Realistic Love & Romance in Books
The element of surprise is just that…an element that can’t be prepared for, or plucked out of self-help books and tucked in purses or back pockets for later use. This element won’t be found looking around corners or in dark crevices, and no one, neither best friend nor beloved family can pre-warn or advise on what to look for or how to handle. That’s because a surprise is just that… a surprise.
This is exactly what makes some realistic love stories and romance novels so darn good.
One of the best ‘realistic’ love elements inside ‘from ashes to africa’ by Josh and Amy Bottomly was that marriage counselor. To avoid spilling any spoilers this element proves how even the skilled at relationships can be in for a surprise.
Now, Diary of a Beverly Hills Matchmaker by Marla Martenson was a book that surprised the heck out of me. The title got me. I expected the book to be rich on matchmaking, which it was, except the matchmaking tales didn’t trump Marla’s own match-made story.
The Last Blind Date by Linda Yellin is another realistic love potion. The advice from the friends... the family…the guy…Linda’s writing…and the surprise element in that ending totally won me over.
The Cost of Hope by Amanda Bennett contains a wonderful surprise. Even I questioned that opening, doubting this relationship. Redeeming doesn’t always mean happy, but as in the case of this story, redemption never fails to deliver harmony all the way around.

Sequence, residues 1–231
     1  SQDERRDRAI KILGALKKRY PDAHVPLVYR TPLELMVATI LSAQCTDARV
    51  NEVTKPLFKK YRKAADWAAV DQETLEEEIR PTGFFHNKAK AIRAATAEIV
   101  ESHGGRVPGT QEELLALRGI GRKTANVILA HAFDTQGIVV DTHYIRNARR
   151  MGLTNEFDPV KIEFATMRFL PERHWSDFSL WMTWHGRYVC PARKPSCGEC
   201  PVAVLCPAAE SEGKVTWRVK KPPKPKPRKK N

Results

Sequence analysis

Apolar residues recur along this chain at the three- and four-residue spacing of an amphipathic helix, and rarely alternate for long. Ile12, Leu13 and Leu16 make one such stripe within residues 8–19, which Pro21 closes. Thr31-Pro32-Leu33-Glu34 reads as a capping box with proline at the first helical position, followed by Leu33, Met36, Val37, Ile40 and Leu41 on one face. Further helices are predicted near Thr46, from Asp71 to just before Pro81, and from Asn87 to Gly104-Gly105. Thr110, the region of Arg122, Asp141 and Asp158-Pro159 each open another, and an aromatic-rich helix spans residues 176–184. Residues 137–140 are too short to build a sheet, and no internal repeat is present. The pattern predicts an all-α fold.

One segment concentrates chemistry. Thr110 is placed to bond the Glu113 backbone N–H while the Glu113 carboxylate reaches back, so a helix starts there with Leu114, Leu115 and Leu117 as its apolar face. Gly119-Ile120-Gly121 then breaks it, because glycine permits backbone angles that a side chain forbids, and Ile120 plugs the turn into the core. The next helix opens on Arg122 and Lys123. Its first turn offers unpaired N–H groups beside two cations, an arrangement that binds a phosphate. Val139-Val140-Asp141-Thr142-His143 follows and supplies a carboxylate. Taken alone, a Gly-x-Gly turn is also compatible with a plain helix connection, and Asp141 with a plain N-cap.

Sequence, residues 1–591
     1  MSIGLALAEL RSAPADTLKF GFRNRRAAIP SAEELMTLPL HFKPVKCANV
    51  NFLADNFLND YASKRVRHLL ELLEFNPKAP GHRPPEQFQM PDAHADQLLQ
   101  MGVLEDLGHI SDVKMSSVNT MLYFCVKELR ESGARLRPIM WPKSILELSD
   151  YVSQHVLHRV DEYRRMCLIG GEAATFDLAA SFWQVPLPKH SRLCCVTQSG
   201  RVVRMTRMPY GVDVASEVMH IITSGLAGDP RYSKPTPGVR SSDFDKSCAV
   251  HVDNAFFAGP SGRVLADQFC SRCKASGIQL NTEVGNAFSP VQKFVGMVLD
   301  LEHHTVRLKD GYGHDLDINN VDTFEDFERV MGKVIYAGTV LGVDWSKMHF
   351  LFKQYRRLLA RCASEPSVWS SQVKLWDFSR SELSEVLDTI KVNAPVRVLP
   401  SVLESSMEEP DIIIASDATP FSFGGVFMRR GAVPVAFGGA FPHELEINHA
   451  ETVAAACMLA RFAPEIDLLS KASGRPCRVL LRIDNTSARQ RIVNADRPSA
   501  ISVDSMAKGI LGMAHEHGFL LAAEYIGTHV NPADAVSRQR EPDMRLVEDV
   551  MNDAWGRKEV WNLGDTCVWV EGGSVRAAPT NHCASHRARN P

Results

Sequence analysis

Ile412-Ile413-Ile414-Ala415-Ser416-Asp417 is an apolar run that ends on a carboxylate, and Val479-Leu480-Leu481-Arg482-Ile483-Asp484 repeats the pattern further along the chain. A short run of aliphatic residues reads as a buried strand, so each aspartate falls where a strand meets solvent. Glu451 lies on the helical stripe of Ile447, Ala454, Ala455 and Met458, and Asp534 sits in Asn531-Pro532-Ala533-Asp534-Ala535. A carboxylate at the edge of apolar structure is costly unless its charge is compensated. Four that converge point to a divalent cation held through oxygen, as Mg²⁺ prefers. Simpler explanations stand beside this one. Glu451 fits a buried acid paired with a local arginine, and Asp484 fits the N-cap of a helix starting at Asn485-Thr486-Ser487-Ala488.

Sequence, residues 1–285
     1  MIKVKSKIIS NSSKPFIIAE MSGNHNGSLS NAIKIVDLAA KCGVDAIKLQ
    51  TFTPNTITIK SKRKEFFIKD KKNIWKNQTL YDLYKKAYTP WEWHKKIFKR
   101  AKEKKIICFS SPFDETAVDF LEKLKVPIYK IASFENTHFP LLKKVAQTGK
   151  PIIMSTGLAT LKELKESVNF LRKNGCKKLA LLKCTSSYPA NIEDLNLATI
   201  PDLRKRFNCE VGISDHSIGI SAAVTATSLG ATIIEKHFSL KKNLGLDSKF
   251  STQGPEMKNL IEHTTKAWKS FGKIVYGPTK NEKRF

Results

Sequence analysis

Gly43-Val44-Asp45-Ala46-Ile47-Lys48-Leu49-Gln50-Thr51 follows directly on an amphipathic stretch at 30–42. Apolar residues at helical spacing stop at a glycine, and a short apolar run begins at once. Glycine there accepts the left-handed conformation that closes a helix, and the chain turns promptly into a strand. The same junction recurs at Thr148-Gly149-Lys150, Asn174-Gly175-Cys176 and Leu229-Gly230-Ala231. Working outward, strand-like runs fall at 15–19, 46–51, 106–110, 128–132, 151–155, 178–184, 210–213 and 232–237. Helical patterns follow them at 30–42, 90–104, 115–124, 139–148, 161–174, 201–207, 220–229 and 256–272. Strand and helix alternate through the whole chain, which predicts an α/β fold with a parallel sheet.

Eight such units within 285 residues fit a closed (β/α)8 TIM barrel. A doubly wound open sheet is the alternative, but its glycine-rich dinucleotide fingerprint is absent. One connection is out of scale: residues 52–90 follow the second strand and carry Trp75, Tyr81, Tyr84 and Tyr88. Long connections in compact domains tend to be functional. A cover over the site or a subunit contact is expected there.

Doing Germany by Agnieszka Paletta is another favorite high on love and harmony, and humorously clever writing to boot.
I've read some dynamite romance novels not slacking on realistic redemptive love either.
Lifetimes Ago: A Love Story Inspired from Past Memories by Susie Schecter is a very well put together (almost paranormal, but realistic paranormal) romance story.
Shopaholic Ties the Knot by Sophie Kinsella (original edition) humored me, similar to She Likes it Rough by GVR Corcillo. (1st edition) The antics don’t stop in these two.
The Crisis before Midlife by Mario D. King (1st edition) is an urban tale that mixes realism and humor very well. Quite relatable… and a tintsy-wintsy spoiler acoming… I flew out the chair on that ending. Oh, how I loved that ending!
And The Perfect Christmas by Debbie Macomber was one story where I did whine to myself, “I want to write a story like this.” …Something that is sweet, humorous, beguiling, realistic… zero profanity and lovey-dovey all rolled into one. I think I have that story, but won’t be sure until I get to The End.
A Valentine Treat